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  • 2 months later...

With resurrection of the "ten favourite vintage pens" thread I thought we could kick this one up the ladder as well. This arose because I saw a 1980s pen included as vintage, where I would consider such a pen a modern classic. In any case, surely a 30 year old pen still in production in the same form is not the same class as a 90 year-old pen which uses technologies no longer current, other than both being fountain pens?

 

Basically, I go with a system based on that for cars, which defines mostly and quite arbitrarily by year of manufacture, which at least saves on classification arguments. So, I would use:

antique or veteran - pre-1920

vintage - 1920-1940

classic - 1940-1960

modern classic - 1960+ (remember, the Lamy 2000 emerged in that decade).

 

The method's main defect is that, as time passes, you need new categories as more modern pens get older.

 

The alternative is by age rather than date. The problem with that it does not offer distinction, and to the extent it does (e.g. 25+, 50+, 100+, or even a simple single 75 break point) then pens are constantly changing label so the term is almost instantly meaningless. One day, the Lamy Studio will be old. Should it be described with the same term as a Waterman 12?

 

Any of us can choose what we please of course. Alternatively, we could run a poll on some labels and cutoffs then see whether it gradually embeds.

 

Edited by H1N
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Categories by age rather than date makes more sense, of course, because you avoid the obligation to shift dates every year.

 

You'll end up explaining anyway, since the terms aren't universally accepted, but I appreciate your optimism in the notion that they would eventually embed.

James

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Categories by age rather than date makes more sense, of course, because you avoid the obligation to shift dates every year.

 

Sorry, I don't get that, (self-contradiction), unless some words are being used conversely?

Fixed dates rather than variable ages avoid the obligation to shift dates every year. Basically the choice comes down to fixed categorisations with names which may not age gracefully, versus a sliding categorisation with constant name, so things change category and are de-grouped and re-grouped somewhat arbitrarily.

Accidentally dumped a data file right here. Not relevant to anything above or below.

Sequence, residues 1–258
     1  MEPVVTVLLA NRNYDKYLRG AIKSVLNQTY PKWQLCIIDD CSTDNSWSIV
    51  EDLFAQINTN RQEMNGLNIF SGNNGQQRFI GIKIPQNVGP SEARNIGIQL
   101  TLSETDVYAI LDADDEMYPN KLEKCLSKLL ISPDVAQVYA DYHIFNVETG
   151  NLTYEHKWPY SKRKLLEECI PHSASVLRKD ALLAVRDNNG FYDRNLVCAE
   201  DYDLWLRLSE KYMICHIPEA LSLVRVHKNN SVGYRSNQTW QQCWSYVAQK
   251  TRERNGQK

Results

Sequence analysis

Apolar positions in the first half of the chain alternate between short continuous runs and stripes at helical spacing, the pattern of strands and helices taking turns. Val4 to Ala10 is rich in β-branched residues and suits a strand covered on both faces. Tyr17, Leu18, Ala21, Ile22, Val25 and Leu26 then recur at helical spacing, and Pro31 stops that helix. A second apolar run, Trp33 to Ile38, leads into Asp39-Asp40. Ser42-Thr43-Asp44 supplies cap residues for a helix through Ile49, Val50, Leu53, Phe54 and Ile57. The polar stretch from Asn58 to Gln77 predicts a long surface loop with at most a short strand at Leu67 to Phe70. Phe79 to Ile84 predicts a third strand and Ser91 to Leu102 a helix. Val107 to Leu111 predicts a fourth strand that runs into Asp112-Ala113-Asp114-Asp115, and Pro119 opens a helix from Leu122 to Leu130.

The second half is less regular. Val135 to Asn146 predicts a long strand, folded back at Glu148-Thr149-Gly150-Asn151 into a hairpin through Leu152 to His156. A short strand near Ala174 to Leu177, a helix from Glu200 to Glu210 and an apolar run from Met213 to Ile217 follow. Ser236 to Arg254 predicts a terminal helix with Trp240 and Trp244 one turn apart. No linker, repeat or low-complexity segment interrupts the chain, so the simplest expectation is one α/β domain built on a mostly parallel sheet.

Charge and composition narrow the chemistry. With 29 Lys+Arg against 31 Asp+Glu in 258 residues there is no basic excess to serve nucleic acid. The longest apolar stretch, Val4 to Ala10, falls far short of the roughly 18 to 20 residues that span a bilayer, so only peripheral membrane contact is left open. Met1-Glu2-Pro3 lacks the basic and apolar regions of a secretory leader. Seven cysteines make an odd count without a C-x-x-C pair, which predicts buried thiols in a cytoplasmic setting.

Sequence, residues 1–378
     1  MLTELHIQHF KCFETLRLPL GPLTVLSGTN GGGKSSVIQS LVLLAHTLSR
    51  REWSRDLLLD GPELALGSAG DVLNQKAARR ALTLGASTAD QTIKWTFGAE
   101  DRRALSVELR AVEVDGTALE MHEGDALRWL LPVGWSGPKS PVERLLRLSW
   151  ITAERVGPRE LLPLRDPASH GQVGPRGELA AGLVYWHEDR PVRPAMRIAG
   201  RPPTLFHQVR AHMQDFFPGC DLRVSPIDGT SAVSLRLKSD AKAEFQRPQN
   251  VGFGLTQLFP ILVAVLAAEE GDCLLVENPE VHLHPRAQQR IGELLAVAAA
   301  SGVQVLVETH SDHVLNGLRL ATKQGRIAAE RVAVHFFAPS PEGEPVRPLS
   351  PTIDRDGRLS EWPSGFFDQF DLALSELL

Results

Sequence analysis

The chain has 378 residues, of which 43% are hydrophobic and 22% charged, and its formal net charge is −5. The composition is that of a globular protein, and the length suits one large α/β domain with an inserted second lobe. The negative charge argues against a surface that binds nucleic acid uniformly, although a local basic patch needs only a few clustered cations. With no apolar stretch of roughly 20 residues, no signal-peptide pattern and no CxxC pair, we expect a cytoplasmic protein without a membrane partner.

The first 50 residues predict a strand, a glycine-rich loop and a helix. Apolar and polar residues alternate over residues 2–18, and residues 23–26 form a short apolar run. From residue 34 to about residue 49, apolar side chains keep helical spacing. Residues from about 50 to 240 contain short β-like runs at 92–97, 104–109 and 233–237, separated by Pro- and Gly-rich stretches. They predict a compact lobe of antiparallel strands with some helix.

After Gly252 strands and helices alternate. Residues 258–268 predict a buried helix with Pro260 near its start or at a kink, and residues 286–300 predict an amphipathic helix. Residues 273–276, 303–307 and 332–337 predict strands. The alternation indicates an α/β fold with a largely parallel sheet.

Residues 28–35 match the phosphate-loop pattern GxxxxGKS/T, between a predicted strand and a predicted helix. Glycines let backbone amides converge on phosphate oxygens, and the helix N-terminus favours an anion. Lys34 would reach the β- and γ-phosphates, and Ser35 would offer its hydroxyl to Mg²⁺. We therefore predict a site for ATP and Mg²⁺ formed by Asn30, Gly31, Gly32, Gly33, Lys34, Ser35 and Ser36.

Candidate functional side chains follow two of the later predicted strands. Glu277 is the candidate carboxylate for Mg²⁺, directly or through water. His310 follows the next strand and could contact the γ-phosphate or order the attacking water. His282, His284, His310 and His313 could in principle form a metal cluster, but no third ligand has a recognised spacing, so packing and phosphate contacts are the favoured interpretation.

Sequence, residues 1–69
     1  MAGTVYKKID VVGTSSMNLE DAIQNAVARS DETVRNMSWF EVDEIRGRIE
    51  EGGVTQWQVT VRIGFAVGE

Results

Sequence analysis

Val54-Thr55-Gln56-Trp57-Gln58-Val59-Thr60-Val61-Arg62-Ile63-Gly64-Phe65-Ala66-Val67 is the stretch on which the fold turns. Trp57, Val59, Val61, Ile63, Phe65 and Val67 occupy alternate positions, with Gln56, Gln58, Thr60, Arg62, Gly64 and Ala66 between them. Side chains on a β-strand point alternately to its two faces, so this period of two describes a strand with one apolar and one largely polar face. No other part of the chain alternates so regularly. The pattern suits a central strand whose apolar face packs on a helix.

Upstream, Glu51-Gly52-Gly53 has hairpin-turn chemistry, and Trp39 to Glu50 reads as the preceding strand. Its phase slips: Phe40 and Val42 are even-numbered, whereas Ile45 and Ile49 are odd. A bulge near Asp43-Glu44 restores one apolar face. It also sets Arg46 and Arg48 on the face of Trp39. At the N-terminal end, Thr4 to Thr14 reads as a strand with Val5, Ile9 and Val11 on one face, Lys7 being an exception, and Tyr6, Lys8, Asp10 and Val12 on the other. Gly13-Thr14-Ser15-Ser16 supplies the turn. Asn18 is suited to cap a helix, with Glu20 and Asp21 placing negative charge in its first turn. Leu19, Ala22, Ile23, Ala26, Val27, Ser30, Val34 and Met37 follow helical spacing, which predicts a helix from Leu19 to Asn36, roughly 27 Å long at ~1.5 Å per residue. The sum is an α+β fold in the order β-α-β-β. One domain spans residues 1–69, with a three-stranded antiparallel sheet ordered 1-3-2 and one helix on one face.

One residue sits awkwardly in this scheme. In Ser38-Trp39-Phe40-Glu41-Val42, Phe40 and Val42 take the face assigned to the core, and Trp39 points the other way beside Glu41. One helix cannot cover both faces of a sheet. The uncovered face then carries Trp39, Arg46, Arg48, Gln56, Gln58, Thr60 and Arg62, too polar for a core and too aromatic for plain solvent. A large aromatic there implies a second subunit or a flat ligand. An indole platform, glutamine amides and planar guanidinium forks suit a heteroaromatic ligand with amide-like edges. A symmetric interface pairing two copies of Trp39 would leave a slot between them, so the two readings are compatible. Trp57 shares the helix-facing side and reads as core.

I recollect that "Hypermodern" is the name still used correctly today for chess theory which emerged and remains rooted in the 1920s. If we moved by age we would have to keep renaming* the body of ideas rather than leaving them under one name in a known place in chess chronology.

 

* or else mix up with different ideas

You'll end up explaining anyway, since the terms aren't universally accepted, but I appreciate your optimism in the notion that they would eventually embed.

:D

After I found Einstein had invented the general theory of relativity then "What's next?", I asked myself......

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Sorry, I don't get that, (self-contradiction), unless some words are being used conversely?

 

 

Simply that something newer than, for example, 30 years old would fit into Category A; between 30-60 years old Category B, etc. [Rather than Category A (newer than 1980), Category B (1950-1980), etc.] Because time marches on.

 

I was agreeing that the method is simpler but I maintain assigning names to any category is just a minefield of misinterpretation because either people will insist on their own designations or won't bother to learn the "official" ones, whatever those are - or, more likely, hope to be.

Edited by Manalto

James